Video game pioneer Ralph Baer honored with Manchester statue

  • The statue of Ralph Baer is admired by Jim, one of Baer's sons, and two of Baer's grandchildren during Friday's unveiling in Arms Park in Manchester. David Brooks—Monitor Staff

  • Before being unveiled, the statue of Ralph Baer was hidden inside this box, painted to look like an old-fashioned TV set being used to play Tennis, the first home video game his team developed. David Brooks—Monitor Staff

Monitor staff
Published: 5/10/2019 3:40:12 PM
Modified: 5/10/2019 3:40:00 PM

One of New Hampshire’s most unusual personalities – a man who fled Nazi Germany then helped create the entire video game industry and now has a permanent exhibit in the Smithsonian – received a most unusual monument Friday: A statue of him sitting on a riverside park bench in Manchester, playing a video game.

The statue of Ralph Baer, who led a team that developed the first home video game while he was working in Nashua at the company that is now BAE Systems, is the culmination of efforts by family members and local fans to honor Baer in the city where he lived for six decades.

“Dad only passed four years ago. Usually, these things take decades,” said Mark Baer, one of Ralph Baer’s sons and a driving force for the recognition.

The placing of the statue, in what is now known as Baer Square in downtown Manchester, was also helped by the Queen City’s desire to be known as a technology hub. The fact that BAE Systems is expanding into Manchester, bringing as many as 800 jobs, didn’t hurt; the company is one of the major contributors to the project.

About a dozen family members, including Baer’s children and many grandchildren, were on hand for Friday’s unveiling of the statue, as were many local business and government officials. The statue, which was inspired by a statue of former Celtics coach Red Auerbach sitting on a bench in Boston, was hidden until the unveiling inside a huge box painted to look like an old-fashion console television that had Baer’s version of electronic tennis being played on the screen.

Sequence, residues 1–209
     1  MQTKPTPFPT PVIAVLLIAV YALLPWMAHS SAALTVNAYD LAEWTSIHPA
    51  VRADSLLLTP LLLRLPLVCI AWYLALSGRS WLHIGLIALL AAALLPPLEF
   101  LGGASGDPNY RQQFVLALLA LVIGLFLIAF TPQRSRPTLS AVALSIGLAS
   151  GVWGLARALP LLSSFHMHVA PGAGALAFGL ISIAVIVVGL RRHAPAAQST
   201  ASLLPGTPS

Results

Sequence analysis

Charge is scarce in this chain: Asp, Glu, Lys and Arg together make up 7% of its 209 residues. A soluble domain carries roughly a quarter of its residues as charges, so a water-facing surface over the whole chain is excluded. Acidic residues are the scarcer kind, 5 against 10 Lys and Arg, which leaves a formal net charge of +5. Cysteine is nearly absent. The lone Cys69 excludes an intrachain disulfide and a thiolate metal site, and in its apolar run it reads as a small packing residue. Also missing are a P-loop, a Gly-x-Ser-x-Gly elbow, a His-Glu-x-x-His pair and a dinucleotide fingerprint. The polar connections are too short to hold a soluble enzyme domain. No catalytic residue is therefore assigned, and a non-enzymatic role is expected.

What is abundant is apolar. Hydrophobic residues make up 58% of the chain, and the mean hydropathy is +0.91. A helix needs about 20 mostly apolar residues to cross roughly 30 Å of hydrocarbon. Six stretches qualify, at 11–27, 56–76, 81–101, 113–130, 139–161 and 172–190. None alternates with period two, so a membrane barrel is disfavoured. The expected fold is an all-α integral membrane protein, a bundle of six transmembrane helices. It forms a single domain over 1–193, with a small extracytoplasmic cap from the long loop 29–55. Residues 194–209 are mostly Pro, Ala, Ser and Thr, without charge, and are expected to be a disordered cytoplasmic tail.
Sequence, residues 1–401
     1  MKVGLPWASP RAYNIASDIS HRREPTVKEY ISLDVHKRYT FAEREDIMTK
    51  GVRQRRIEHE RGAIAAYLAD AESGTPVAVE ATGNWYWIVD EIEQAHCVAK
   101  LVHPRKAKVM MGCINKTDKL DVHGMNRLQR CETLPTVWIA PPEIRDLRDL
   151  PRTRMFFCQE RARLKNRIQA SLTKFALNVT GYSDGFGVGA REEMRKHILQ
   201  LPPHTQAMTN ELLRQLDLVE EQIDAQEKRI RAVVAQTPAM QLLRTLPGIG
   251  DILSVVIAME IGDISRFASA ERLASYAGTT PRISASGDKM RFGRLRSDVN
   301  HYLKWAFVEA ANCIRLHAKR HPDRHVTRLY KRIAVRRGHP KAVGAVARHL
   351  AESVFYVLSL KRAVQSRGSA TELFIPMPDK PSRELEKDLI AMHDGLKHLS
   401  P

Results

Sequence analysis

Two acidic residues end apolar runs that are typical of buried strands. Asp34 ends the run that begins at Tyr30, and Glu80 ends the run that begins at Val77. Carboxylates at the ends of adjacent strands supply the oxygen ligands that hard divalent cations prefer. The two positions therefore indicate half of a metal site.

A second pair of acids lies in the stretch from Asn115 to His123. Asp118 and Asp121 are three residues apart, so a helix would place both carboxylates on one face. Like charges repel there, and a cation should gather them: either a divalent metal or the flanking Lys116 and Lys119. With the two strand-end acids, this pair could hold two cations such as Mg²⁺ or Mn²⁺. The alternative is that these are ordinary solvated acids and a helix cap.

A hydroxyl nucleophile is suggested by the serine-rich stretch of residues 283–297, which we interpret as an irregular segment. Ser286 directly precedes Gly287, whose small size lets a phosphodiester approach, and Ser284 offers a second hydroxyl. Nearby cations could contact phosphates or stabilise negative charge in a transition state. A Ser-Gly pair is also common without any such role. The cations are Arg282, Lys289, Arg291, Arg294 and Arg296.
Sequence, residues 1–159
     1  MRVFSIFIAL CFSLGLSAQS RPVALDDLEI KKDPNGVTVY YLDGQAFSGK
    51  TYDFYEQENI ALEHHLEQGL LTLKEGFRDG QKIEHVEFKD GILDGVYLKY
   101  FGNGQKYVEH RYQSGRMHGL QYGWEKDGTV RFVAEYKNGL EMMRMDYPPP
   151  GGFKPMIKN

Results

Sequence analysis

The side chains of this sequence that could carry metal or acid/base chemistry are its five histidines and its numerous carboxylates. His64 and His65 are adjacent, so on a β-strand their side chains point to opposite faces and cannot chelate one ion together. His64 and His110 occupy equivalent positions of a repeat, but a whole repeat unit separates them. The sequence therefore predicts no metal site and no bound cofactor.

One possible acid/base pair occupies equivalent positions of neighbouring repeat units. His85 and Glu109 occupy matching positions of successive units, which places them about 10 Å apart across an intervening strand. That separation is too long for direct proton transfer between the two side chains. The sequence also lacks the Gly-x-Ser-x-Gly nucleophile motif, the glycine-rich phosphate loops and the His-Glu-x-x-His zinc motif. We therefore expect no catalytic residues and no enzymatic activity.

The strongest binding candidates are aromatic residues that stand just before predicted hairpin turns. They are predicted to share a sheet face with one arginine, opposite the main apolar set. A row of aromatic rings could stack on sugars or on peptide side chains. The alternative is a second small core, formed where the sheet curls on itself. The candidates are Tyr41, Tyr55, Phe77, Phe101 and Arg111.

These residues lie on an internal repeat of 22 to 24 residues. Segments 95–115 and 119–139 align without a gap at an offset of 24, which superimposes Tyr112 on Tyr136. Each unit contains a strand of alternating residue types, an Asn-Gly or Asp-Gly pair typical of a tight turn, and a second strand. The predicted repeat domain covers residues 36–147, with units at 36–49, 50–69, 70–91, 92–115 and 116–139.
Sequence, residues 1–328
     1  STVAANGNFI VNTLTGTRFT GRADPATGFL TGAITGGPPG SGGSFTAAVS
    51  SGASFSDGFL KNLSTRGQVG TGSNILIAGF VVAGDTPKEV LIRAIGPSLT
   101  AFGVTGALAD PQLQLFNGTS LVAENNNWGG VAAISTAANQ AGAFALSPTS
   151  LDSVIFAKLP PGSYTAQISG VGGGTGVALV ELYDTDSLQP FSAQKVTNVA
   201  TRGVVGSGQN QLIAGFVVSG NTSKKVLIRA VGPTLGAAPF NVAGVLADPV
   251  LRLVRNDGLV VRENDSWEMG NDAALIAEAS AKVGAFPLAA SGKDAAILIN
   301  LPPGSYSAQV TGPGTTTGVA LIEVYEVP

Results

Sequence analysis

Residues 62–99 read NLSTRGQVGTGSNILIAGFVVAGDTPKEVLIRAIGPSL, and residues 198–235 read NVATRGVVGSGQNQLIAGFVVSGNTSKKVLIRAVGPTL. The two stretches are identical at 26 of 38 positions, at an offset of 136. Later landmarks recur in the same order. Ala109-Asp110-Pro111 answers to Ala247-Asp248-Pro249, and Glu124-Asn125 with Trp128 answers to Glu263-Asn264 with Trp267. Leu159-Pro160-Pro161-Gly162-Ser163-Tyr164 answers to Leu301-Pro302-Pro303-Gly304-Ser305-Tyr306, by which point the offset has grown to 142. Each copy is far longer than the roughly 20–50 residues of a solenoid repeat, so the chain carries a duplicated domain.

Ralph Baer’s parents, who were Jewish, fled Nazi Germany with him when he was a child. He served as an intelligence officer with the U.S. Army and after World War II become an engineer with interest in television systems. In 1961, sitting at a bus stop, he made the first notes about developing two-way interaction with TV sets.

He worked in Nashua at Sanders Associates, the company that is now part of BAE Systems, for 30 years. During that time, he led a small team that in 1968 developed what has come to be known as the “Brown Box” system that could move dots around on a television screen. As Baer told it, the work was done out of view of senior management who didn’t see why a defense contractor was fiddling around with TV sets.

Eventually the project became Magnavox Odyssey, the first home video game, and made Sanders Associates a lot of money.

Baer was a prolific inventor on his own, mostly of electronic games and toys. He may be best known for Simon, an electronic pattern-matching game that was a huge hit in the 1980s.

Baer’s basement workshop from his home on Mayflower Drive is now in the National Museum of American History, part of the Smithsonian in Washington, D.C. David Allison, a senior scholar with the Museum of American History, said Friday that Baer’s history as an immigrant – somebody who “chose to be an American” – was important to the museum.

“He wasn’t just a successful inventor. He’s a successful example of being a great American – that’s why he’s in the Smithsonian,” said Allison.

Mark Baer put it this way: “You don’t have to come from a great background. ... You can still accomplish things. That’s what this is all about.”

Also unveiled Friday was The Ralph H. and Dena W. Baer Scholarship Fund to benefit students from Manchester Central High School who are pursuing studies in technology-related fields. Gifts can be made online to the New Hampshire Charitable Fund to support this scholarship at give.nhcf.org/BaerScholarship.

(David Brooks can be reached at 369-3313 or dbrooks@cmonitor.com or on Twitter @GraniteGeek.)


Jobs



Support Local Journalism

Subscribe to the Concord Monitor, recently named the best paper of its size in New England.


Concord Monitor Office

1 Monitor Drive
Concord,NH 03301
603-224-5301

 

© 2019 Concord Monitor
Terms & Conditions - Privacy Policy